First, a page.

It is hard to imagine that a consumer brand as strong as United Airlines would find itself in a position where a brief jaw-dropping video would crush the company’s image. David Dao, a 69-year-old Vietnamese-American doctor, was hospitalized after Chicago aviation police dragged him from the plane to make space for four crew members on the flight from the city’s O’Hare International Airport to Louisville, Kentucky.
Adding fuel to fire was CEO Oscar Munoz’s initial response that lacked empathy for the passenger’s painful injuries and failed to understand the impact of the viral video.
Even after an employee leaked an internal memo to the press that tossed another log onto the inferno, it was days later before the company would issue a meaningful response.
In addition, passengers have rated “getting bumped” from overbooked flights among the top criticisms of the airline industry (right next to late arrivals/departures). Regulators and elected officials are also using this incident to call for industry-wide changes.
In most commercial airline mishaps, aviation experts say there was usually a long chain of events and errors that lead to the devastating crash – not just one. It might explain what happened to United before, during and after this incident.
United has capable corporate communications, social media and branding marketing teams consisting of some of the most respected professionals in the industry. Last month, Munoz even was named U.S. Communicator of the Year by PRWeek magazine. You must believe that these public relations experts wouldn’t just stand idly by while this viral video circulated like wildfire and negative conversations on social media spiked.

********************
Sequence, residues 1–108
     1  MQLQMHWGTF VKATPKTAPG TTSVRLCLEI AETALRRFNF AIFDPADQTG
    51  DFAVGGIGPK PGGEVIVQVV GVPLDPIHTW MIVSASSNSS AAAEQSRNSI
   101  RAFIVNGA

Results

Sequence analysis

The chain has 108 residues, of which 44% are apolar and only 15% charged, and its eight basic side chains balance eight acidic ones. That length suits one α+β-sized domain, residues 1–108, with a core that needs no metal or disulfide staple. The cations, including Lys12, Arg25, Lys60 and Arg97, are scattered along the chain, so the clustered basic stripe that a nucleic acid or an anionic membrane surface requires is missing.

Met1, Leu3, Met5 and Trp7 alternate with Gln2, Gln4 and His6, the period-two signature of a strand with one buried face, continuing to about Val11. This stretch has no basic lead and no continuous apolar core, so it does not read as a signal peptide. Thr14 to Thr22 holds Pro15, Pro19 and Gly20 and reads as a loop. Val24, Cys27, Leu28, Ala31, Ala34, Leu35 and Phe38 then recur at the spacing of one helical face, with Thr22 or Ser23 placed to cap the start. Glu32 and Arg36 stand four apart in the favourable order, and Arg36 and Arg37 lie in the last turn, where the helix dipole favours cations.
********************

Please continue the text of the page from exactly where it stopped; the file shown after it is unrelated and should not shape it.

interestingly, there have been several recent stories about passengers who received “rough” or unfavorable treatment by United employees during the past few weeks. For example, two women wearing leggings were barred from boarding in Chicago (same airport).
Here are a few thoughts:
- United might want to revamp its overbooking policies.
- There might be an ongoing customer service issue, especially at the Chicago airport.
- Employees might not have followed the procedures for handling passengers who insist on not being bumped.
- The security team might have used excessive force and needs to be retrained.
- United might not have had guidelines for mitigating situations like this – responding to passenger videos that damage the company’s brand.
- A breakdown in the communications team might have led to the CEO issuing non-apology statements.
- United’s legal counsel might have advised the CEO to approach the situation with too much caution.
- United failed to remember that all employee communications could be leaked to the public and the press. These documents must be drafted with this in mind.
- United must remember that it is the passenger who owns and controls the brand.
- Social media can compound any crisis situation. In addition to spreading negative news, users nowadays will poke fun at a situation with memes and trending hashtags, further extending the crisis.
Look for United to launch an extensive re-branding campaign focused on the consumer (passenger) to reclaim its “Friendly Skies” status.